In their latest move to stifle the mining industry, environmental NGO Earthworks is bullying the EPA into revisiting a long-standing rule surrounding mining operations waste. In an August 12 blog post, the folks at the American Resources Policy Network, the group’s figure head, Daniel McGroarty, shed light on a week-long misinformation campaign the environmental NGO ran last week that urged the greenie movement to contact the EPA and Army Corps of Engineers.
The dishonest trend within these environmental campaigns becomes especially clear when they claim a 2002 ruling over mining waste was some sort of pernicious decision made solely by the Bush Administration, whom they viewed as weak on their tenet issues. However, this article dispels that myth, explaining that the rule was first proposed in the Clinton administration and then later finalized under Bush’s EPA.
The rule set forth nearly a decade ago, known as the “fill rule,” relates to how to deal with the waste from mining operations. This article goes into further detail here, and the following excerpt describes why environmental radicals oppose it:
Environmentalists hate the 2002 “fill rule” because it ended the definitional ambiguity on “fill material,” and, thereby ended an avenue to litigate coal. If mining overburden—the material that goes into a valley fill—can be interpreted as “waste,” then environmentalist lawyers could argue that this “waste” is excluded from the U.S. Army Corps of Engineers’ “purpose based” definition of “fill material.” As a result, these litigants would allege that the Corps doesn’t have the authority to issue section 404 permits to valley fills.
Furthermore, this rule will not just [affect] the coal mining industry, but numerous other types of mining, potentially devastating to the industry. This is why the EPA backed off of this issue, after initially supporting a re-visiting of the rule in 2010. Even Obama’s anti-mining EPA did not think changing this rule was prudent, showing you how off-the-wall-crazy some of these environmental campaigns are.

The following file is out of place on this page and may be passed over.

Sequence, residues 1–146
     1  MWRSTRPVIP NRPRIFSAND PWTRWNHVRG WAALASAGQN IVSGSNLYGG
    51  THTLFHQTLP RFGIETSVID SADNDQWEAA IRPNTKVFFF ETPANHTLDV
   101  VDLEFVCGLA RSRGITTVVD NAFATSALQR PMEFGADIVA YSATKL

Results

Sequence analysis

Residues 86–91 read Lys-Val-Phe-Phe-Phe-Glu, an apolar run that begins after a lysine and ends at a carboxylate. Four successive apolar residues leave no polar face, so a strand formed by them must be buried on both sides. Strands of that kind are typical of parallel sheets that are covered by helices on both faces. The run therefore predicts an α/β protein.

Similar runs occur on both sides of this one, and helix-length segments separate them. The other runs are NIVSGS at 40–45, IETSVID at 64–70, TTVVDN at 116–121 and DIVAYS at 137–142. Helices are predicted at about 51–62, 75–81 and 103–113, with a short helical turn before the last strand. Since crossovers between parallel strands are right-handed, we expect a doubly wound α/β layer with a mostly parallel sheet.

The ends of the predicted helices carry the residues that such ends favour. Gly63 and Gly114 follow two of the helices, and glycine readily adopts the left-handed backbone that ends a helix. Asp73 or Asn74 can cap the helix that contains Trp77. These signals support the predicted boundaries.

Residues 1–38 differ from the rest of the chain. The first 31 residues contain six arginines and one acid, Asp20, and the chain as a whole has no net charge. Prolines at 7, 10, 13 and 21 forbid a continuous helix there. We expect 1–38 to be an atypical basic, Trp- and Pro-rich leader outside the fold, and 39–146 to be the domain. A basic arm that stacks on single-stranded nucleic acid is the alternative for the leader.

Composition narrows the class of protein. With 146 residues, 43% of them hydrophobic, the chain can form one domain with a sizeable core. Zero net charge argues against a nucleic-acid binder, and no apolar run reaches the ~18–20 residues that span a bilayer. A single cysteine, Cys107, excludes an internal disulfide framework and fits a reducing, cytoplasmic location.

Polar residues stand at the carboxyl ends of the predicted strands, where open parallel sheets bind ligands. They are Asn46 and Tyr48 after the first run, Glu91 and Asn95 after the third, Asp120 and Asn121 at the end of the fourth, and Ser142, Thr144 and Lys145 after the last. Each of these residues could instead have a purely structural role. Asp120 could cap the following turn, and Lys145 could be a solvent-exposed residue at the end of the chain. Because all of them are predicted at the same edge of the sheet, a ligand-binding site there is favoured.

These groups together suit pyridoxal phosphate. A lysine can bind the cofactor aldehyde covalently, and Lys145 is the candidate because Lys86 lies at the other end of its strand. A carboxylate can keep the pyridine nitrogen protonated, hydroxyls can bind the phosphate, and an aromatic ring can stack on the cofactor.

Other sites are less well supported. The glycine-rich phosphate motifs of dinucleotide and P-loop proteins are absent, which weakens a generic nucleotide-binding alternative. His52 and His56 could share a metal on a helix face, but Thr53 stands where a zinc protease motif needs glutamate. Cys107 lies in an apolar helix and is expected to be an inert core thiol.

Another similar rule deals with how mining companies treat water waste. This is where the Earthworks campaign comes in. It is common for the mining industry to construct lakes in which waste is deposited until it can be treated and cleaned. The environmentalists want to prevent waste from ever entering these lakes at all, making it impossible to clean up mining residuals, and ultimately, continue mining.
It does not seem likely that the EPA will change this rule because of the devastating effect that it will have on a still weak economy. However, if enough environmentalists raise their voices, they might consider revisiting when the economy begins to recover. That’s why we need to be equally heard.
Please take a moment to tell the EPA to leave the “fill rule” alone and to stop stifling mining jobs by over-regulating this industry.
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